Improving Health In The Black Family
This post addresses challenges and solutions to health in the Black Family.
The African-American family is besieged with several challenges. I would suggest the most fundamental of these is access to and maintaining good health. Those of you who are regular readers of Straight, No Chaser at www.jeffreysterlingmd.com know of my work in identifying and remedying health care disparities, which is the difference in health outcomes between various communities. It is sad to say that African-Americans disproportiately suffer adverse outcomes in several significant health conditions. These include cancer, diabetes, heart disease, stroke, HIV, homicide, and infant mortality.
This post is not meant to necessarily focus on those conditions or the existence of disparities. More importantly, I want to introduce you to the tools you can use for improving your family’s health. Here’s a hint: in most every instance an ounce of health prevention is more effective than a pound of medical cure. Straight, No Chaser posts have and will explore individual topics at length.
Here are four Black family health considerations every family should have front and center.
You need to become an active consumer of health.
Your health care providers are increasingly assuming the role of consultants and partners regarding your health and medical care. In between visits to your physician, it is your role and responsibility to learn self-help strategies, how to engage and utilize various health and medical resources and what seems normal within your own body. To that end, consider the source of your information. Seek out reputable sources and stay away from fads or sensationalized reports that aren’t rooted in agencies tasked with protecting the public interest.
You need to learn and engage in strategies of health prevention maintenance, including safety.
Healthy living is a commitment to your life that will enhance the rest of your life. Discovering and adhering to scheduled health screenings and recommended immunizations are huge components to extending and improving the quality of your life. You should never be more concerned with a potential side effect than an actual life-threatening medical condition.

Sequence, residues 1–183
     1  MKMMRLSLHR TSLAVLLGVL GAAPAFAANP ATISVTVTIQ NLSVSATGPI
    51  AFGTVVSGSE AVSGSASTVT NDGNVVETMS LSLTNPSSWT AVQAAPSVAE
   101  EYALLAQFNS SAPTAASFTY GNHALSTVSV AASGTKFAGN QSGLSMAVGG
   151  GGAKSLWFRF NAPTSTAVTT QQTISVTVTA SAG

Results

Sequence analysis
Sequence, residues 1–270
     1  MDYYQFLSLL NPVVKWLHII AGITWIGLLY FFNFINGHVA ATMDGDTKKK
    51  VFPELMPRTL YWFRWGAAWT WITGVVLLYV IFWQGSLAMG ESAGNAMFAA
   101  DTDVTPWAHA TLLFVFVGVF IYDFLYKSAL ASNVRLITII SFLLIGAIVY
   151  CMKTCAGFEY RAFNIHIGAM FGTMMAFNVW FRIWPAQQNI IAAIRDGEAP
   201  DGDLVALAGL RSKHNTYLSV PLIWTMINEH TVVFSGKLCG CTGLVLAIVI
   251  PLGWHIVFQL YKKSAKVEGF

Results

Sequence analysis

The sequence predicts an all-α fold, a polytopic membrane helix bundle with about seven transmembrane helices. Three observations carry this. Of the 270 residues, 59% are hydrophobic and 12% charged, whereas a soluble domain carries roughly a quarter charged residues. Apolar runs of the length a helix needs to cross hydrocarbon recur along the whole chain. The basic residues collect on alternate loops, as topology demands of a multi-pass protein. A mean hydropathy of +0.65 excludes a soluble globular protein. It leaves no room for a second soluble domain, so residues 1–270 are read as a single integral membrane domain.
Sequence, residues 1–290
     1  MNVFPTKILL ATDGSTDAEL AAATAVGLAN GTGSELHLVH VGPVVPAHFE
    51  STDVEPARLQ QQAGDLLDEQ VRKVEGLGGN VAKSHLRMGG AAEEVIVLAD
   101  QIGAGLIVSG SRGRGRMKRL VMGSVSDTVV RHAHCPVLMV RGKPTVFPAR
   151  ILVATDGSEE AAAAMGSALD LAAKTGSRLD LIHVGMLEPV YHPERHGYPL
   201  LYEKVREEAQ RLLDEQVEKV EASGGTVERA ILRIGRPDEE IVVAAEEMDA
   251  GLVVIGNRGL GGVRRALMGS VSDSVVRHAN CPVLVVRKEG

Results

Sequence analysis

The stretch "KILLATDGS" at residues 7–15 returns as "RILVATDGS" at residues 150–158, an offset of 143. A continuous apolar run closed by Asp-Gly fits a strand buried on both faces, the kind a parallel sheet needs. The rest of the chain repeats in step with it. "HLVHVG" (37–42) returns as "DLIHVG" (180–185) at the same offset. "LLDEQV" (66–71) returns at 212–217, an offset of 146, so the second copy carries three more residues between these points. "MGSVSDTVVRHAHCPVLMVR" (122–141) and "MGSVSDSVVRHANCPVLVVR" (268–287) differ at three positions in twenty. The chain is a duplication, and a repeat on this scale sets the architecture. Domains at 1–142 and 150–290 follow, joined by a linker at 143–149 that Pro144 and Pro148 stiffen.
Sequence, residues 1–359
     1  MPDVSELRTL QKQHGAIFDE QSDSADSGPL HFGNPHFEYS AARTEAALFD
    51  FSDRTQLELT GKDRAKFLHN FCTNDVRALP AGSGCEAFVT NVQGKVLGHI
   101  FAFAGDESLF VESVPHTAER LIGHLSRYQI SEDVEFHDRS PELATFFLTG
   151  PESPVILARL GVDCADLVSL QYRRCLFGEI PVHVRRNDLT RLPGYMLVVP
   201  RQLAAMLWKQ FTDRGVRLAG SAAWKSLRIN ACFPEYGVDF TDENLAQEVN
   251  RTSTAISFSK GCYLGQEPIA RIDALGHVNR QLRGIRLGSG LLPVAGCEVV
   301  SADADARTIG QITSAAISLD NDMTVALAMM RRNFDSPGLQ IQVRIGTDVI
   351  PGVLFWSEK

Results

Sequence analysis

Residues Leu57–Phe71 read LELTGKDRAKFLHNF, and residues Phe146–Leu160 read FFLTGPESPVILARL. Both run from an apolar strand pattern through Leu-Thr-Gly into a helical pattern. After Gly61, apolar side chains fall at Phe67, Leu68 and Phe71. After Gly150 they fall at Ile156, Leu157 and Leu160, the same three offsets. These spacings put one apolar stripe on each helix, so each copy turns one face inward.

Have you ever heard that most accidents occur near the home? It’s not that you necessarily live in a dangerous neighborhood, but your home environment is where the vast majority of your time is spent. Make a concerted effort to take basic measures to make your home environment safer, including childproofing measures, use of smoke and carbon dioxide alarms, making your medicines and any liquor inaccessible to your teens or nosy neighbors, and always using seat belts.
You must embrace fundamentals of good health.
Simple strategies of diet and exercise can easily be incorporated into your life, and you just need to start on the path.
Learn about the Healthy Eating Plate as designed by the Harvard School of Public Health, which teaches you about proportions of meats, fruits, vegetables and other foods you should be consuming with your meals. Here’s the abbreviated version.
- Fill half of your plate with produce—that means fruits and vegetables.
- Fill a quarter of your plate with whole grains. Now, that doesn’t mean breads generically. Whole grains lower the risk of coronary heart disease, stroke, obesity and diabetes. You’ll know them when you see them. Whole grain foods usually include “whole grain” in the name.
- Fill the rest of your plate with a healthy source of protein such as fish, poultry, beans or nuts.
- Use healthy oils—such as olive and canola—when cooking, on salad, and at the table. Avoid butter and fatty salad dressings on your plate.
- Regarding beverages, do yourself a favor. Try to drink water, and rediscover how refreshing it is. You don’t have to pay for another beverage just because you’re used to doing so. Tea and coffee are healthy options if you use little or no sugar. Milk and other dairy products should be limited to one to two servings a day.
Also, make the effort to engage in some form of exercise for at least thirty minutes at a time three to five times a week.
Please, also learn and emphasize reduction and avoidance strategies related to toxic substances such as cigarettes, alcohol, drug use and work related exposures.
You need a physician.
Prioritize your family’s health. Unfortunately, it is not enough to seek medical care in the midst of an emergency. It doesn’t serve you well to wait until you’re ill to engage the healthcare system. Also, you must engage in strategies of health prevention, which your primary care provider will guide you through. Trust me. It’s rarely a good thing when a patient brags that it has been years since they’ve seen a physician.
For further details on the initiatives listed above, please visit Straight, No Chaser at www.jeffreysterlingmd.com and type any desired topic into the search engine.
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